Company News

UPDATE 2-Lululemon to remove health claims from fabrics

(Recasts with company complying with Competition Bureau order, stock close)

OTTAWA, Nov 16 (Reuters) - Trendy yoga wear retailer Lululemon Athletica LLL.TOLULU.O said on Friday it would comply with a Canadian government agency order to remove clothing labels that claim therapeutic benefits from fabrics said to contain seaweed.

“We are altering the labels on our VitaSea products in our Canadian stores, in cooperation with the Competition Bureau of Canada, to remove references to the therapeutic and performance attributes of the VitaSea technology,” the company said on Friday night.

The Competition Bureau, Canada’s anti-trust agency that also enforces regulations regarding unsubstantiated performance claims for textiles, said it was pleased that Lululemon chose to rectify the situation in a timely manner.

The Bureau said the Canadian company had made a number of unsubstantiated claims in labeling for its VitaSea clothing.

Questionable performance claims include that on contact with moisture the fabric would release minerals and vitamins which would keep skin firm and smooth, enhance blood supply to skin, and detoxify the skin, the Ottawa-based agency said.

Other unsubstantiated claims for VitaSea include that it activates cell metabolism, promotes skin cell regeneration, contains anti-viral or anti-bacterial properties, soothes skin rashes and reduces stress, the agency said.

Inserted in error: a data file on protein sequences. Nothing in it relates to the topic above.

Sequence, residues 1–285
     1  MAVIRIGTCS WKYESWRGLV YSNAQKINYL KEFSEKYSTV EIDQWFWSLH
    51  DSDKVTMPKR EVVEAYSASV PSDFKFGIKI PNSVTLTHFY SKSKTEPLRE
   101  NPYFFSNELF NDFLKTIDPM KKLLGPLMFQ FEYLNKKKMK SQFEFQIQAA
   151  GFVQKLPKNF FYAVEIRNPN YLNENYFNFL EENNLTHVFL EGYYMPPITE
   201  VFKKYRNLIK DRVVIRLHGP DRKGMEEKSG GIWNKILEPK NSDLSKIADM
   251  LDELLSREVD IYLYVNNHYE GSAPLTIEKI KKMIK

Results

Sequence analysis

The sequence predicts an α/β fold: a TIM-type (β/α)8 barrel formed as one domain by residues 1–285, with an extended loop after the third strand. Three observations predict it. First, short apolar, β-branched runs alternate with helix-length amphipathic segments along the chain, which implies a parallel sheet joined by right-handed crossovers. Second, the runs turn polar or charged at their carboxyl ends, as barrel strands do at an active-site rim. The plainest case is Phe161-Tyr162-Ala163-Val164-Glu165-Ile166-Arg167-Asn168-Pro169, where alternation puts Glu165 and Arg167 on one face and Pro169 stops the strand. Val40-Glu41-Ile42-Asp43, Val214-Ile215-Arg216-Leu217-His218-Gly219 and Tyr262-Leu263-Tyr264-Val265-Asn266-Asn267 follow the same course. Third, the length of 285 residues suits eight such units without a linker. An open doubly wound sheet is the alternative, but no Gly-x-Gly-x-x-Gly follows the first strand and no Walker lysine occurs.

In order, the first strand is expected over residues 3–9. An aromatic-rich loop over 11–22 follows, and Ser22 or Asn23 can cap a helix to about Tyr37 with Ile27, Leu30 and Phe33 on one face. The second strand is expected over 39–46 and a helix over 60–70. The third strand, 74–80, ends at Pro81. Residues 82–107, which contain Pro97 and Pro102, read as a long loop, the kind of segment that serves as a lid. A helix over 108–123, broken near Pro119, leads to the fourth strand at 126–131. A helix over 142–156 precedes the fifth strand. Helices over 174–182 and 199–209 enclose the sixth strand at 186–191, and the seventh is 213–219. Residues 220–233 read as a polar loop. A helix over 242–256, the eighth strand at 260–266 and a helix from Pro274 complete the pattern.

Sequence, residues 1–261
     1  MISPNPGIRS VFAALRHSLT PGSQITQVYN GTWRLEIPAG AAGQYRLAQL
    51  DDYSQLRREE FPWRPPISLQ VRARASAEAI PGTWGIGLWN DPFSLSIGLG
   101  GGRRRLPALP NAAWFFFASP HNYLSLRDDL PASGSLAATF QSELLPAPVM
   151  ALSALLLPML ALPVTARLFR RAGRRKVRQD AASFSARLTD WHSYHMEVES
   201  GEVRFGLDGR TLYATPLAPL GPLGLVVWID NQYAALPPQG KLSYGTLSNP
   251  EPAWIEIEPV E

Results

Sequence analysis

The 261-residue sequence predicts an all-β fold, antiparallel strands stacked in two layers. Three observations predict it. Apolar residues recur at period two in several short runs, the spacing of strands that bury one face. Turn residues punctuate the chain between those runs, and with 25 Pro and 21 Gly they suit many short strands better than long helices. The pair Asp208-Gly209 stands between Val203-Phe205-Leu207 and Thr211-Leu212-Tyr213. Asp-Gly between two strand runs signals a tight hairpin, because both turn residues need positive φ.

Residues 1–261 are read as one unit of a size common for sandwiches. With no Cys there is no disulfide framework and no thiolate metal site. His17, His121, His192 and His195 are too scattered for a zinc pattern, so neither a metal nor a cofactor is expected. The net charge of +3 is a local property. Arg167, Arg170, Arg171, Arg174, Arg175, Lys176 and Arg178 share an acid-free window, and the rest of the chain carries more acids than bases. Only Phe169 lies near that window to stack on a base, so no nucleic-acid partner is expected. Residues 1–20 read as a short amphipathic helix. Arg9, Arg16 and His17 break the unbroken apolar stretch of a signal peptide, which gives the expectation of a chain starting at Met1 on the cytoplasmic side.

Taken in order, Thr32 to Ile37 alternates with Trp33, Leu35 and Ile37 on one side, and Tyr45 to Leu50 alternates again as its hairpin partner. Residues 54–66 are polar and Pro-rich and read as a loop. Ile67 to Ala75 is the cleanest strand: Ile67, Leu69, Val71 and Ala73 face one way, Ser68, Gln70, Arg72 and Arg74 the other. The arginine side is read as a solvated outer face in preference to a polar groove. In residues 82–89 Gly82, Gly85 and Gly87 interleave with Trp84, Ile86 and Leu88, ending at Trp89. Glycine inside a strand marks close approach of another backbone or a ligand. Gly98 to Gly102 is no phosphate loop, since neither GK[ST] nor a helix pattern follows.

The bureau will also ensure that Lululemon complies with the order to remove all references to the VitaSea technology from its Web site and any in-store advertising.

“In order to ensure the integrity of our product labeling, we are conducting a review of the therapeutic attributes described on all product hang tags,” Lululemon Chief Executive Robert Meers said in a statement.

Earlier on Friday Meers told Reuters that a New York Times report on lab tests contradicting Lululemon’s seaweed content claims has not hurt sales, but has been distracting.

The newspaper report, prompted by inquiries from an investor short-selling Lululemon shares, raised concerns about the company and sparked declines in its stock. By “shorting” a stock, an investor is betting it will fall.

“People want to trust us,” Meers said in an interview. “I feel good that there was a reaction. I think I’d feel worse if no one cared.”

Shares of the company see-sawed on Friday to close down 30 Canadian cents at C$40.50 on the Toronto Stock Exchange, but up 24 cents at $41.74 on Nasdaq.

Lululemon said lab tests conducted on Wednesday night in Hong Kong confirmed June tests that showed the VitaSea fabric contains fibers that match its clothing content labels. Lululemon had claimed the seaweed fiber releases amino acids, minerals and vitamins into the skin on contact with moisture.

The Vancouver, British Columbia-based company said SGS SA SGSN.VX, a testing and certification group based in Switzerland, runs tests on all its fabrics before each season.

Lululemon said it is offering an exchange on VitaSea products for any dissatisfied customers and now wants to focus on growth plans and the upcoming Christmas shopping season.

Germany’s Smartfiber AG, which developed the SeaCell fiber used in Lululemon’s VitaSea line, ran independent tests in December 2006, the clothier said. Those test confirmed the presence of vitamins, minerals and amino acids in the fabric used by Lululemon manufacturers. (Additional reporting by Robert Melnbardis in Montreal; Editing by Rob Wilson and Braden Reddall) ($1=$0.97 Canadian)